Child Custody Jurisdiction in California Family Court, Part IV
Interstate child custody jurisdiction is one of the most complicated matters to resolve in family court. It’s not just difficult for the parties. Lawyers and even the judges struggle with the issue on an almost weekly basis. That is the legacy of the Uniform Child Custody Jurisdiction and Enforcement Act (UCCJEA), which is observed by almost every state in the country.
Hopefully, the information contained in Part I, Part II, and Part III of this series has been helpful to understanding just where to litigate your family law case. Part II covered so-called “Home State” jurisdiction. Part III addressed what we’re calling “New State” jurisdiction.
Here, in Part IV, we’ll cover what I call “Not My State” jurisdiction. I call it that because, under “Not My State” Jurisdiction, the other state or states that have jurisdiction have declined to hear the case in favor of another state.
Not My State Jurisdiction: The Third Kind of Child Custody Jurisdiction
Not My State Jurisdiction is embodied in Family Code section 3421(a)(3). Under this law, California has jurisdiction to make an initial child custody determination if:
“All courts having jurisdiction under [Home State jurisdiction] or [New State jurisdiction] have declined to exercise jurisdiction on the ground that [California] is the more appropriate forum to determine the custody of the child….”
In other words, another state or states qualify as either a home state or another state where jurisdiction is legally effective. However, for one reason or another, the courts in those states have determined that California is the more appropriate place to hear the matter.
Why Would a Judge Decide Not to Exercise Child Custody Jurisdiction?
Well, here’s a scenario: John Doe is a 5-year-old special needs child. Mom and Dad have lived in Texas for a year. Mom moves with the child to California and lives there for three months, while Dad remains in Texas. Mom and Dad both file for custody in their respective states. Under Home State jurisdiction, or Family Code section 3421(a)(1), Texas is the child’s home state. Thus, jurisdiction is in Texas.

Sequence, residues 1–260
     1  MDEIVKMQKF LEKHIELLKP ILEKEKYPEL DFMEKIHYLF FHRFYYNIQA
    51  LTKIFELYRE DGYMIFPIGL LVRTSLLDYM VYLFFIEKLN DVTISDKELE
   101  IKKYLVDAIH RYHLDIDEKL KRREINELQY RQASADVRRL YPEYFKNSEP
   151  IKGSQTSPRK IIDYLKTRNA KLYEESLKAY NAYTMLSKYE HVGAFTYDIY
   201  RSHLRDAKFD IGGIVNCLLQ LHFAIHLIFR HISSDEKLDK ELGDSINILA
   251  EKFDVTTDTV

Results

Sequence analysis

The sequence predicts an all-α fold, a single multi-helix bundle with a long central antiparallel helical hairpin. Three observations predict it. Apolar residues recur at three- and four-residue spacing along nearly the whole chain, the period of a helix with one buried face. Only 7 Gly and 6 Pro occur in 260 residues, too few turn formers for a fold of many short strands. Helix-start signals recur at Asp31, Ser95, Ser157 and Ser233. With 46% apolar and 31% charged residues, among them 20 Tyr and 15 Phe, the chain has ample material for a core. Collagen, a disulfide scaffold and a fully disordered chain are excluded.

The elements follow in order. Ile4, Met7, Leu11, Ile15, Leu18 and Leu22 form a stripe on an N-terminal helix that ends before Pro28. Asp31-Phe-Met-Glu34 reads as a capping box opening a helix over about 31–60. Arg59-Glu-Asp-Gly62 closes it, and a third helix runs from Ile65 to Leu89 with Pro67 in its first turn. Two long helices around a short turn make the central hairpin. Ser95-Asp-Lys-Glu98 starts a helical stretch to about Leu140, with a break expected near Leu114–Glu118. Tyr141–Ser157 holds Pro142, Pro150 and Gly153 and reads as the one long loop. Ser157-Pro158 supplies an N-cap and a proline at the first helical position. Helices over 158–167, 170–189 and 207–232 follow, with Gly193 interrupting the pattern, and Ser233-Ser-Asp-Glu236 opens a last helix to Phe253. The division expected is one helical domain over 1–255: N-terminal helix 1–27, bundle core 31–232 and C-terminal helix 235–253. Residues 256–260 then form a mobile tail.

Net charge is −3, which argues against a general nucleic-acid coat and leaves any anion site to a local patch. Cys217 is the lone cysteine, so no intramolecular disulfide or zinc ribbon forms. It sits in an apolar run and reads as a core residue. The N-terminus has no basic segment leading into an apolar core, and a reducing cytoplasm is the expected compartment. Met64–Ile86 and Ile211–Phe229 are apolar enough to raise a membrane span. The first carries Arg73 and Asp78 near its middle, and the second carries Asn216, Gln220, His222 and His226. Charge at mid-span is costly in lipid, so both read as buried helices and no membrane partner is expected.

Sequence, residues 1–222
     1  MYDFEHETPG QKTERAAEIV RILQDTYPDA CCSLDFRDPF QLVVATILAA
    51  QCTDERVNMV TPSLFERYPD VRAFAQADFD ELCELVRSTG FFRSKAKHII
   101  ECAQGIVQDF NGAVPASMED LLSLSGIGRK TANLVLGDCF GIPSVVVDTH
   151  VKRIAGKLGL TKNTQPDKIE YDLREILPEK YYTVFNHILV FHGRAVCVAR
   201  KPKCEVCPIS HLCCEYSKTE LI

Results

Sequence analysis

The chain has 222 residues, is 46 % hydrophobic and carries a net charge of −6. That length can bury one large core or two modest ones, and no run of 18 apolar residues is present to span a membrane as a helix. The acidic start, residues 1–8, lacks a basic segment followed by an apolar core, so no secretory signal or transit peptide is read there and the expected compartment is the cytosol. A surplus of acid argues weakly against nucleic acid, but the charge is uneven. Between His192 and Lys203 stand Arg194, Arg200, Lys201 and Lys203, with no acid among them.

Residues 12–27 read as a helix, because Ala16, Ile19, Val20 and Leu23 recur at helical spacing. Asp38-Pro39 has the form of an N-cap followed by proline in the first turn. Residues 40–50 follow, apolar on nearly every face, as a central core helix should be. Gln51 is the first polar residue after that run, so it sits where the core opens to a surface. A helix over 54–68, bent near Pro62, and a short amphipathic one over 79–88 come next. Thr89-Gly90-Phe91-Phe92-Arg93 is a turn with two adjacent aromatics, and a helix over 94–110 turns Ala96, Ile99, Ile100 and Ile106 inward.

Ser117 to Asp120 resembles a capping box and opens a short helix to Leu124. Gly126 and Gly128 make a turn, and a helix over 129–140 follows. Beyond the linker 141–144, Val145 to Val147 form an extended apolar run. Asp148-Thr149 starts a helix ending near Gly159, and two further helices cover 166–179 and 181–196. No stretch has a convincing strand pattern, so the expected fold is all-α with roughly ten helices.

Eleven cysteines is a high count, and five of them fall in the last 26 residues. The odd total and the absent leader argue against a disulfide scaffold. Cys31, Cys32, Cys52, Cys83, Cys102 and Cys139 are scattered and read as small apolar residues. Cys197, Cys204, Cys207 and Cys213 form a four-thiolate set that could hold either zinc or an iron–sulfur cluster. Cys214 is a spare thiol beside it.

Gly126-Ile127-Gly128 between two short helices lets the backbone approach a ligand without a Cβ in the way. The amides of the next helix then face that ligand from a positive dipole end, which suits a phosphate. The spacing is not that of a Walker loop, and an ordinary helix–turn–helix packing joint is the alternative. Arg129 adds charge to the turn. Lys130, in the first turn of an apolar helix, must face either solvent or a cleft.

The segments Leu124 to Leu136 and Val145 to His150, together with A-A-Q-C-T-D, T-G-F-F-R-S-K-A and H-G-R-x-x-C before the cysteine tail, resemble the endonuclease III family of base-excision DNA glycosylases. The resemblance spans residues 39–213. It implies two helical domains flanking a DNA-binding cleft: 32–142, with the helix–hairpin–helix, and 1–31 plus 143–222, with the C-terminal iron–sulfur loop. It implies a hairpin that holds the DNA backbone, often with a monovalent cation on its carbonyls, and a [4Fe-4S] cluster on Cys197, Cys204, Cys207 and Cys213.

However, while in California, Mom has found a doctor and therapist that are effectively addressing John’s special needs. Based on these facts, the court in Texas may determine that it would be too difficult to litigate the matter there when the child, and the two specialists reside in California. These are people the court might need to interview at some point. Therefore, the judge in Texas could exercise his court’s power to decline jurisdiction under Texas’ version of the UCCJEA.
Here’s another scenario: Mom has lived with John Doe, a 13-year-old child, in Georgia for the last two years. Dad lives in California. John comes to visit his father for a week in California. While there, father learns that John has been abused by Mom’s boyfriend and refuses to return John to Georgia. Instead, he files an emergency request for custody orders in California under Family Code section 3424.
The court in California grants temporary emergency jurisdiction and, over the course of the next six months, the court finds that the allegations of abuse are substantiated and orders child to live with Father in California. Typically, after the emergency has subsided, jurisdiction is supposed to be released back to the state where jurisdiction was proper. However, in this case, because of the passage of time, and the fact that the child now lives in California, Georgia may decide to decline jurisdiction on the grounds that California is a more appropriate forum.
Cases Involving Child Custody Jurisdiction Vary Based Upon the Facts
These are but a couple examples of how Not My State jurisdiction might come up. Family Code section 3421(a)(3) is a rarely used subsection of that law, however. So it is difficult to conceive of every possible way it could be used.
That is why every case is different. It is important to consult with an attorney regarding child custody jurisdiction if you have doubts about whether or not your state could hear your case.
Call Pakpour Family Law today at to discuss child custody and other family law issues: